By: Adam Wazny | Friday, March 1
Winnipeg Jets' Andrew Ladd scores on New Jersey Devils goaltender Johan Hedberg at the eight-second mark of the first period in their game on Feb. 28 in Winnipeg. (John Woods/Canadian Press)
Winning ugly often requires two things: hard work and getting dirty.
The Winnipeg Jets were the second-best team on the ice at MTS Centre Thursday night but still managed to gut out a 3-1 win over the New Jersey Devils. Persevering under these circumstances typically suggests one of two things: it's the mark of a maturing team or a testament to the hot streak that said team is currently riding.
Either way, the Jets will take it.
They don't ask "how", right? They ask "how many."
We'll get to the 'how many' in a moment but first a thought on Andrew Ladd's play through the first 20 games of the season. The Jets captain scored two goals and added an assist on the Blake Wheeler's empty netter, giving him 20 points this year.
Ladd has 12 goals, putting him just two back of Tampa Bay's Steven Stamkos (14). For NHL players with 10 goals on 30-plus shots taken, only Boston's Brad Marchand (30.3 per cent) has a higher shooting percentage than Ladd (26.1).
"Right now our team is certainly driven by him and it shows," Jets head coach Claude Noel said after the game. "And it doesn't matter if he scores or doesn't, or gets points; he's a hard-driving guy and expects a lot from himself.
"He leads by example. He's a quiet guy but he's (earned) a lot of respect, and you can see why. He's in the hard areas."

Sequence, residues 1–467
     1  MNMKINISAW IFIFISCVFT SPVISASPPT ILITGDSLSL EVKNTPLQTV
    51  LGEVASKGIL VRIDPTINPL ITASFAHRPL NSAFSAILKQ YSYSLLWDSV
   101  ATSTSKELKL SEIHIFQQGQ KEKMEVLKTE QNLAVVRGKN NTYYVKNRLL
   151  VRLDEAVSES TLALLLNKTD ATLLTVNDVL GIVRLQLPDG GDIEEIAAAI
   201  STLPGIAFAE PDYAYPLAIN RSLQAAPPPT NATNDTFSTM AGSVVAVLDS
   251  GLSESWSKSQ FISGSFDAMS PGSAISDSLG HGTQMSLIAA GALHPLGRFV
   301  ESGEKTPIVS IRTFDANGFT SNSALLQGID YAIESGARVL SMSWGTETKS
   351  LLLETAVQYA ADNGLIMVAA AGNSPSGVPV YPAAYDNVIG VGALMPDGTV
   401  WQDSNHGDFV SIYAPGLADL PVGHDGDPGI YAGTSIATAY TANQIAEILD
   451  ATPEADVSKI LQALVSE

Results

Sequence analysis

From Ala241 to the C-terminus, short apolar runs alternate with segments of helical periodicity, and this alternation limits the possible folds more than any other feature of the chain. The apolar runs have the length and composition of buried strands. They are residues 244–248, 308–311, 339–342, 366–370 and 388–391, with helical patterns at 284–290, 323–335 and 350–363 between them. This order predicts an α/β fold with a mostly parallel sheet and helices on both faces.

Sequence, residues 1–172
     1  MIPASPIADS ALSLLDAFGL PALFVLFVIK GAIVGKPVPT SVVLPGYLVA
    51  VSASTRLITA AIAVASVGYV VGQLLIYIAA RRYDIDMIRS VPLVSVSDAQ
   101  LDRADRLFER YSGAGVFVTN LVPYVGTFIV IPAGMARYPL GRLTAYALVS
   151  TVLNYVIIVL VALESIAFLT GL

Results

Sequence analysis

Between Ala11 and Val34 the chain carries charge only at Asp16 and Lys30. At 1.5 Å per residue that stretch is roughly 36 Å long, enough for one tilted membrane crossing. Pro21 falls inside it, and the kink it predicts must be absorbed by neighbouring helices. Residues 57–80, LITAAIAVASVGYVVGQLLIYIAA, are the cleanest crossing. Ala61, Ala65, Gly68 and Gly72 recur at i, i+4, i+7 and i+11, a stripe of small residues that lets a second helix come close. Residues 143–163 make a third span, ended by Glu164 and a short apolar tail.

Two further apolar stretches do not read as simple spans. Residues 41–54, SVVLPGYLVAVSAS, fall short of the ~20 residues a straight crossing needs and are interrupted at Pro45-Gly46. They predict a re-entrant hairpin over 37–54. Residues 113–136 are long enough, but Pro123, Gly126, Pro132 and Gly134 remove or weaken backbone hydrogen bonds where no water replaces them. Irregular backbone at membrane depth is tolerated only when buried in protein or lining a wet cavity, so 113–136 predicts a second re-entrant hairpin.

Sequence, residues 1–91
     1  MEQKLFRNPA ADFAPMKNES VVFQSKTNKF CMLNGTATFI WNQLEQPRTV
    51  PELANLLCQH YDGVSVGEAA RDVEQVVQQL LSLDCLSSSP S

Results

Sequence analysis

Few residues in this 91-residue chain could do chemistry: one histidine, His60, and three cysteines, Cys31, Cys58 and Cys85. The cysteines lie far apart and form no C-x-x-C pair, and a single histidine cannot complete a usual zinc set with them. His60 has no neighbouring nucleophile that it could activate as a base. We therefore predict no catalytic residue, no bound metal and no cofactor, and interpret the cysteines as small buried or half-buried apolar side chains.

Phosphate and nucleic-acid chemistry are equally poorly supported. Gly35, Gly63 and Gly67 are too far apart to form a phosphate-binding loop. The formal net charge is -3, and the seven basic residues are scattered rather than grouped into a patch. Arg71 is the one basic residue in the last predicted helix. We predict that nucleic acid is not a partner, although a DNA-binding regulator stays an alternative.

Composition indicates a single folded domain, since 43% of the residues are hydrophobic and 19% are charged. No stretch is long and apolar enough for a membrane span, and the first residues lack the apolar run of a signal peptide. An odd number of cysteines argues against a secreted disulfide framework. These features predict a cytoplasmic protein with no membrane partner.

Teammates also notice the workman effort from the captain.
"If you look at his game, he's doing a lot of things that aren't on the stats sheet, little certain plays in the dirty areas, " defenceman Zach Bogosian said. "He's what's driving this team right now."
The hard areas, the dirty areas: it's what has made Ladd arguably the most valuable player on the Jets club. All the talent in the world doesn't mean a thing if it's not put to use.
Whatever skill Ladd has is being maximized right now due to his lunch-pail mentality.
It's simple, really. He understands that the best way to create scoring chances, or to find a scoring opportunity, is to be in front of the net. His first goal Thursday, eight seconds into the contest, arrived by simply bullying his way to the net and shoveling it under Devils goaltender Johan Hedberg.
The second marker, the winner that came with eight minutes to go in a third period dominated by the Devils, started with an end-to-end rush by Dustin Byfuglien -- the open ice gobbled up by the big defenceman was impressive -- but it was Ladd that closed the deal. Seeing his teammate barreling into the New Jersey zone, he fought to the net and parked himself on top of the blue paint.
Hello, loose puck.
Thursday's showing was the type of blue-collar effort Ladd has turned in since arriving in Winnipeg. The only difference these days, during this point a game pace he's on, is that he's finding those loose pucks on his stick -- in those hard areas, in those dirty areas.
"(Byfuglien) did the bulk of the work there and I just had to pick up the garbage," Ladd quietly told reporters afterwards. "It was an unbelievable rush on his part. I just went to the net and found it."
Picking up trash is a noble occupation. Not everyone can do it.
Winnipeg (10-9-1, 21 points) has won five of its last six games and wakes up right in the thick of things in the Eastern Conference: Tied for top spot in the Southeast Division (with Carolina; the Hurricanes hold the tie-breaker) and square with the Philadelphia Flyers for the eighth and final playoff spot.
The Jets host the Washington Capitals Saturday afternoon (2 p.m., Hockey Night in Canada).